Research led by psychologists at the University of Warwick has revealed a profound connection between the spirituality of science and positive well-being, much like the benefits traditionally associated with religion.
The research explored how people use science as a source of spirituality and its connection with their sense of well-being. The paper, “Spirituality of Science: Implications for Meaning, Well-Being, and Learning,” has been published in Personality and Social Psychology Bulletin.
Dr. Jesse Preston, Associate Professor in the Department of Psychology at the University of Warwick and lead author of the study said, “Spirituality is most often associated with religion, but science can be a powerful source of awe and wonder for many. It can provide a meaningful source of understanding oneself and the universe, and it can foster a sense of connection to others and our place in the world.”
Science parallels positive well-being observed in religious people
In three studies, Dr. Preston and her research team surveyed 1,197 people (602 men, 589 women, and 6 others) on their attitudes towards religious beliefs, spirituality and their interest and belief in science.
The first study established the concept of “spirituality of science,” and asked people about feelings of transcendence, connection and meaning when engaging with science. Participants’ responses were compared with other attitudes towards science, including an interest in science and belief in science, feelings of awe, meaning in their lives and religious beliefs.
Spirituality of science was related to belief in science, but unlike other attitudes including interest in science and belief in science, spirituality of science was also associated with feelings of awe and general spirituality. This showed that scientific sources of spirituality may be psychologically similar to religious spirituality.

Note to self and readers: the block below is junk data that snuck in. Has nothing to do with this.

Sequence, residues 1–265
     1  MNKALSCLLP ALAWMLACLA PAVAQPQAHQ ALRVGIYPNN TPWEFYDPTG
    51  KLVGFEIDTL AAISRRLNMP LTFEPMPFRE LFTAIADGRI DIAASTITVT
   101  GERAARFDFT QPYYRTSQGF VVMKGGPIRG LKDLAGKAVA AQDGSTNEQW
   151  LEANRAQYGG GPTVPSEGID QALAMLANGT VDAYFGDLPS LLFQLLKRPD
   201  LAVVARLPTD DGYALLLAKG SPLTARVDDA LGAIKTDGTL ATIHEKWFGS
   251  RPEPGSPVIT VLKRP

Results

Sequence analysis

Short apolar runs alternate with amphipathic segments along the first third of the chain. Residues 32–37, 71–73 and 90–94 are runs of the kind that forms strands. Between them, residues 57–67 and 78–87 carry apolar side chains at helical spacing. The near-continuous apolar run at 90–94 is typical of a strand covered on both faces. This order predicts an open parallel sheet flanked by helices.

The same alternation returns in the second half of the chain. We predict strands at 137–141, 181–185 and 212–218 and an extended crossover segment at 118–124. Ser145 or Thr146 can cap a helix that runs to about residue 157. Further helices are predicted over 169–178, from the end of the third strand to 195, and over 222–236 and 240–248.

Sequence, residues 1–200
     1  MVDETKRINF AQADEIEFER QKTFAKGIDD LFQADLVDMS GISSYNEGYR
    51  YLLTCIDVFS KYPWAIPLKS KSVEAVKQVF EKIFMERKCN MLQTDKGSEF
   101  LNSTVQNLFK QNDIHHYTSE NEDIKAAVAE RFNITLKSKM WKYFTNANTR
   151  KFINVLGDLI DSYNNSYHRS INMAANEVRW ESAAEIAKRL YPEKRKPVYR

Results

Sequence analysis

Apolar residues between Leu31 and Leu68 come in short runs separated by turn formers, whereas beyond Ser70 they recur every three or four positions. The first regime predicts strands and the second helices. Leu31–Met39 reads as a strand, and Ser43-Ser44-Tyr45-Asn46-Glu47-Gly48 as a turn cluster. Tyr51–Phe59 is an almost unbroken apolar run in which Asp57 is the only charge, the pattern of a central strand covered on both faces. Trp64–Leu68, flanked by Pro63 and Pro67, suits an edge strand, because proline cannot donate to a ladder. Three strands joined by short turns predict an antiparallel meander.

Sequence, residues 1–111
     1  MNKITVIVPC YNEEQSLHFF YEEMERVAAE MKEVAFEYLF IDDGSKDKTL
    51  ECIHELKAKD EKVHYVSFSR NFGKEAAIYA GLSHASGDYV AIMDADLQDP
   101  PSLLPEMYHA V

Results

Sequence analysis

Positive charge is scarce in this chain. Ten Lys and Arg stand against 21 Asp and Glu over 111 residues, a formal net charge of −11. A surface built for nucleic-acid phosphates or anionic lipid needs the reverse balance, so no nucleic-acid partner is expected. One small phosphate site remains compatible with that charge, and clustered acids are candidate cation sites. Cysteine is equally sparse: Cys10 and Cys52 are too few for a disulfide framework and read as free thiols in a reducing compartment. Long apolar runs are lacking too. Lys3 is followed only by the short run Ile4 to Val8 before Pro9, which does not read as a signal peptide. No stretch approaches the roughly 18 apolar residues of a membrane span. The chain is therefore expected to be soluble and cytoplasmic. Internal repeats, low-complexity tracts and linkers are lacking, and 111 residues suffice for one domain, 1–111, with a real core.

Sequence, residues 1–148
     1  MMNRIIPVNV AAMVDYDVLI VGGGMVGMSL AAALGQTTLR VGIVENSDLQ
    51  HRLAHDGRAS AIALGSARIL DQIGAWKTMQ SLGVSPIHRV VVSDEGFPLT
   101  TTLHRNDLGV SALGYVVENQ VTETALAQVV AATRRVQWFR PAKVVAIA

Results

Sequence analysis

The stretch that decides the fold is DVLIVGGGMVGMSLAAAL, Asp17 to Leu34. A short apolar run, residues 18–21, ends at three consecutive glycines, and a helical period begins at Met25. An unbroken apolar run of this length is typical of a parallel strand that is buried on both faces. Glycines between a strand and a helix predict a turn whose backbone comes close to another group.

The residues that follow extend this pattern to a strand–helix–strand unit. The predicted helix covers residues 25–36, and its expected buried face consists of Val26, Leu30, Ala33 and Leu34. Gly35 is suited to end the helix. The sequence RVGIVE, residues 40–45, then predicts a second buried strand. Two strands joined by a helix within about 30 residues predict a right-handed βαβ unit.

In the second study, the researchers focused specifically on a group of 526 atheists and agnostics, and found that spirituality of science was correlated with measures of psychological well-being, such as happiness, and meaning in life.
Preston explained, “Previous research has found that religious belief generally predicts positive mental well-being, but it has also implied that non-religious people may be subject to poorer psychological well-being. This research has found that in fact, sources of spirituality outside of religion, like science, can have similar positive effects.”
Meaningful experiences could improve educational outcomes in science
The third study investigated links between spirituality of science and engagement and learning in science, and found that spiritual experiences in science predicted stronger engagement and recall of scientific information.
Dr. Preston says the findings of the research could improve the teaching and learning of science in schools and predict better educational outcomes. “Although science and religion differ in many ways, they share a capacity for spirituality through feelings of awe, coherence, and meaning in life. This capacity for spirituality has some important benefits and implications, as this research has found.
“People with greater feelings of spirituality of science were more positively engaged with science material, which predicted better science performance. And in a group of atheists and agnostics, spirituality of science predicted measures of well-being and meaning in life, paralleling the positive effects of religion that is frequently observed in religious people.”
Dr. Preston added, “This work contributes not only to our current understanding of science attitudes but also to our general understanding of spirituality.”
Jesse L. Preston et al, Spirituality of Science: Implications for Meaning, Well-Being, and Learning, Personality and Social Psychology Bulletin (2023). DOI: 10.1177/01461672231191356
Personality and Social Psychology Bulletin
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